Taft Elementary School teacher surprised by gift of school supplies
By Tina Akouris email@example.com October 3, 2013 8:08PM
Updated: November 5, 2013 6:25AM
Mary Ferdinand is probably relieved she showed up at school Thursday.
The Taft Elementary School second-grade teacher was sick most of this week with walking pneumonia. Little did she know that the school had to cancel a surprise visit Tuesday from the sales staff at the OfficeMax store on Larkin Avenue in Joliet.
So Taft Principal Joy Hopkins and store manager Ken Kazak rescheduled the visit for Thursday when Ferdinand planned to return to work.
Everyone was glad she did.
Ferdinand was surprised with about $1,000 worth of school supplies as part of the seventh annual OfficeMax: A Day Made Better program, which helps teacher-funded classrooms. The nationwide program has helped more than 31,000 teachers get about $25 million in grants and supplies.
Ferdinand was shocked.
“It was the last thing I expected to happen today,” Ferdinand said. “It’s an honor to have someone think of me. I’ve been out sick for two days and I was just trying to get my class back in order.”
The one gift that made Ferdinand choke up the most was a Kindle Fire that Kazak gave to Ferdinand for her own personal use.
Ferdinand is one of School District 86’s longest tenured staff members at 41 years. She’s worked at Forest Park, Lincoln, John F. Kennedy and Sanchez before coming to Taft eight years ago.
Ferdinand faced a new challenge this school year. After working in a resource position, Ferdinand saw that job get phased out. She decided to go back to teaching, but realized she did not have a stash of school supplies to use like other teachers.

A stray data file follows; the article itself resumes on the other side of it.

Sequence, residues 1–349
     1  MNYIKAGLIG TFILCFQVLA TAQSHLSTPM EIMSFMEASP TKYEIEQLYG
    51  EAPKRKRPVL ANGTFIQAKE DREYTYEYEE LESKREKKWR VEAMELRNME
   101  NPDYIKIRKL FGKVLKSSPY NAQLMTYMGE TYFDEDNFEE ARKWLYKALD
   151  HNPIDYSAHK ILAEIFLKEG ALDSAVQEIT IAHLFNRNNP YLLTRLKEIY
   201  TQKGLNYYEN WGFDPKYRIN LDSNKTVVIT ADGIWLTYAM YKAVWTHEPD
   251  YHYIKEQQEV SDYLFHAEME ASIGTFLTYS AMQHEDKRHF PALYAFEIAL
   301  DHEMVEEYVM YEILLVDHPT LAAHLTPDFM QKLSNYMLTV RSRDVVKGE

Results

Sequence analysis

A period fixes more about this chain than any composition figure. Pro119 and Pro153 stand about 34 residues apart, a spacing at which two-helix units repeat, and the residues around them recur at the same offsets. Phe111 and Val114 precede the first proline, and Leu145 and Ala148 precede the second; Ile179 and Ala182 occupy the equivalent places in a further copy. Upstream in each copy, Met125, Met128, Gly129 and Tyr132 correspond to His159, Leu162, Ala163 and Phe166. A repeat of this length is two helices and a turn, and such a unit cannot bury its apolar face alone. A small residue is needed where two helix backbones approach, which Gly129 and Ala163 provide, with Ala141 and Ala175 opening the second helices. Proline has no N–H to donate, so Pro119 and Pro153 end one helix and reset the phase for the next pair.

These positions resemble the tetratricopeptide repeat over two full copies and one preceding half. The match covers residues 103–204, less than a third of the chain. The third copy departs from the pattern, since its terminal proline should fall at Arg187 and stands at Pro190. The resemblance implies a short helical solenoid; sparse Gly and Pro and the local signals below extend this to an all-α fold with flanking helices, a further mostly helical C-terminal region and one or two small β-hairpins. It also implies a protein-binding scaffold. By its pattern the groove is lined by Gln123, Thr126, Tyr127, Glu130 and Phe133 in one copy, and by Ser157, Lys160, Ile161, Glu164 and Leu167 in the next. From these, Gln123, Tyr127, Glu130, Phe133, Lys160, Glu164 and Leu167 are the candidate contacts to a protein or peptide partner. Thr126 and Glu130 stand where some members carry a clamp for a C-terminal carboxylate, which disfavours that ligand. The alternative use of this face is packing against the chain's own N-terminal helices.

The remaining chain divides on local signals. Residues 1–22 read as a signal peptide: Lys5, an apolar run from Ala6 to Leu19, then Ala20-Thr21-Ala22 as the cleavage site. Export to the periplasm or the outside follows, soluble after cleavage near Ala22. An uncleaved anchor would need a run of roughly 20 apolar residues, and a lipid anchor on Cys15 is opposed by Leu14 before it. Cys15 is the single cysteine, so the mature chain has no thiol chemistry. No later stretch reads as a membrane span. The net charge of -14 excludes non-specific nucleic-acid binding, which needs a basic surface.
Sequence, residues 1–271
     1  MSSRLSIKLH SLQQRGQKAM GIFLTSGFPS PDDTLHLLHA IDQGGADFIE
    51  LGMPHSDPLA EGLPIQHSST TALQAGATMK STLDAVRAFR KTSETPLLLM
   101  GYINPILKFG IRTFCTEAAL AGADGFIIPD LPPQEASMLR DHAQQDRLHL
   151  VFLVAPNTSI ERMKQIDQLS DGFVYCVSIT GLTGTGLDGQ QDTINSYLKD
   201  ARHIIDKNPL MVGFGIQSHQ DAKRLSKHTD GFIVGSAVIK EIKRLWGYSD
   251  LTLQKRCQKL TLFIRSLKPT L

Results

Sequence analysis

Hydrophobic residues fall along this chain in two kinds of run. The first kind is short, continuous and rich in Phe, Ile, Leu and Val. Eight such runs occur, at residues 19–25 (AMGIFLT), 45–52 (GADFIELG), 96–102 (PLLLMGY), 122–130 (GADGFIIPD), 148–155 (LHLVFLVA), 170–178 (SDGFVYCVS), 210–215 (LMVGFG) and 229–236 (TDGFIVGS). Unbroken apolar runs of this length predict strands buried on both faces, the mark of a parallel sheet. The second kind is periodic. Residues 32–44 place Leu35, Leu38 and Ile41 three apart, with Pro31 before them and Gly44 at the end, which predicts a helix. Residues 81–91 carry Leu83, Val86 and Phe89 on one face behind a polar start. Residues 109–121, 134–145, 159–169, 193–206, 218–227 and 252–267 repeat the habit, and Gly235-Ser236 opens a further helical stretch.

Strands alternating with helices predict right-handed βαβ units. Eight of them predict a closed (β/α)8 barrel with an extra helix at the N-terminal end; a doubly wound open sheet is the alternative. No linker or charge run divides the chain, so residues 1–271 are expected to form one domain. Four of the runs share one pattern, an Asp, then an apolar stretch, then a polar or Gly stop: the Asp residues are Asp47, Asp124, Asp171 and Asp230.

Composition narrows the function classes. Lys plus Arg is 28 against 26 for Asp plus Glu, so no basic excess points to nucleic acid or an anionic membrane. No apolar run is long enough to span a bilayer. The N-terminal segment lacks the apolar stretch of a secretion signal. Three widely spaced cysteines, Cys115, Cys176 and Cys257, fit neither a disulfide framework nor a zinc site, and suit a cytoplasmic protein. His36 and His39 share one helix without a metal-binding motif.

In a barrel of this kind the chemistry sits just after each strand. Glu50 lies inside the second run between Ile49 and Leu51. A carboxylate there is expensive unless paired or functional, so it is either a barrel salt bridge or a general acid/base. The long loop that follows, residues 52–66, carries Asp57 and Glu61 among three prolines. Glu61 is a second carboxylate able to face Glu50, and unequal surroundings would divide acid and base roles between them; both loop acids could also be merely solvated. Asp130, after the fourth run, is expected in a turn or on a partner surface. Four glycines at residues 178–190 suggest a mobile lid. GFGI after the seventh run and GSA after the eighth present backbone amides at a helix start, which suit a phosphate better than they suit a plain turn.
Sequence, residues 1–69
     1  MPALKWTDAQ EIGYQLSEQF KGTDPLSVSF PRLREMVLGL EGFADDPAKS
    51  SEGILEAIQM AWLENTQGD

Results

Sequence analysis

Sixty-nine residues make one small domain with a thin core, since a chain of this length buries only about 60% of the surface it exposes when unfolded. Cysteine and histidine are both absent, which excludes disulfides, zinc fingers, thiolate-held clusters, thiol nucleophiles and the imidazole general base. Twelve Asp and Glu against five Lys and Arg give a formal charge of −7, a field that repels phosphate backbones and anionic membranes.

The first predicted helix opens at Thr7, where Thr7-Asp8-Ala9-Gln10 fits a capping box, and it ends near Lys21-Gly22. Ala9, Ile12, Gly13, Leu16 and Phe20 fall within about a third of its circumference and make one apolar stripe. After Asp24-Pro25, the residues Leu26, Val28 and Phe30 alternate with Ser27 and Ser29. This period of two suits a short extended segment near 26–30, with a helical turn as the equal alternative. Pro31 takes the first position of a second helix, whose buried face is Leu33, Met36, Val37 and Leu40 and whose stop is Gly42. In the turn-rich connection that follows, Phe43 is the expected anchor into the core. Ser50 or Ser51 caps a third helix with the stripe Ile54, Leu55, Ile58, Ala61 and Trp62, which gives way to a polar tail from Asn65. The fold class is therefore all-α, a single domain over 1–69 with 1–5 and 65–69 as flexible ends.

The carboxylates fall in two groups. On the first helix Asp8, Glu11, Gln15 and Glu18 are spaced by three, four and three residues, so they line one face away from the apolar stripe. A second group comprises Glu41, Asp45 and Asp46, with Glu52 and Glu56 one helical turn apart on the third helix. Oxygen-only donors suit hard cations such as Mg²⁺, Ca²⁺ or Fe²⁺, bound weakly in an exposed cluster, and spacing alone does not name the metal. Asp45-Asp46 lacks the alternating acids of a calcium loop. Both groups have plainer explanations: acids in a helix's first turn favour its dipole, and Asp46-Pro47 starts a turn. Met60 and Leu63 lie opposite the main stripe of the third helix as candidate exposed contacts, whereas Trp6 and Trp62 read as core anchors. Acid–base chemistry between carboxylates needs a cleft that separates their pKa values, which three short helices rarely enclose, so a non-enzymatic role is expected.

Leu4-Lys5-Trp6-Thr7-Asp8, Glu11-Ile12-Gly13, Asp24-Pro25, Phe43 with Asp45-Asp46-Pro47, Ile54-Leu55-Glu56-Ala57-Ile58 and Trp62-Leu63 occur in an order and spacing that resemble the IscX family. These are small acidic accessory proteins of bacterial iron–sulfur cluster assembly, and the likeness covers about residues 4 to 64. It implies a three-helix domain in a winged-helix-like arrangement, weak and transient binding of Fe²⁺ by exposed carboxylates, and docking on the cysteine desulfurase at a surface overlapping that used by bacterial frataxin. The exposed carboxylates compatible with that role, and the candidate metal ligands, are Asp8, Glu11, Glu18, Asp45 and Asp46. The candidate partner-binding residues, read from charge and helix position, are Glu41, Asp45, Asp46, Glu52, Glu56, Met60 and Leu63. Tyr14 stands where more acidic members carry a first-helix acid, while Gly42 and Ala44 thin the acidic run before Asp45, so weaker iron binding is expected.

“I gave a lot of my old things away and I’m trying to scrape things together,” Ferdinand said. “But I will be putting these to very good use.”
So school secretary Rose Kerr decided to nominate Ferdinand for the OfficeMax program. Kerr went to high school with Ferdinand at St. Francis in Joliet, now Joliet Catholic Academy, just down the street from Taft.
“We were more like acquaintances and we were in the same class, 1969,” Kerr said. “It was very hard for Mary to go back into the classroom.”
Ferdinand didn’t know Kerr nominated her for the gift.
“No, no idea,” Ferdinand said. “I’ve known Rose a long time and we’ve worked together in different capacities over the years. It was really nice of her to think about me — more than nice, just really kind.
“And there’s so many other good people here in the building. I’ll have to give her a hug later on.”
But before Kazak and his staff left Taft, they also surprised Hopkins with about $600 to $800 worth of school supplies to distribute to all of Taft’s students and teachers. Hopkins said the inventory of supplies from OfficeMax should last until Christmas.
“We have seen an increase in our low socioeconomic families and we have some children that come in with nothing,” Hopkins said. “We are constantly giving them book bags and notebooks and crayons and everything they need for a classroom setting. It’s great to get that to replenish (supplies).”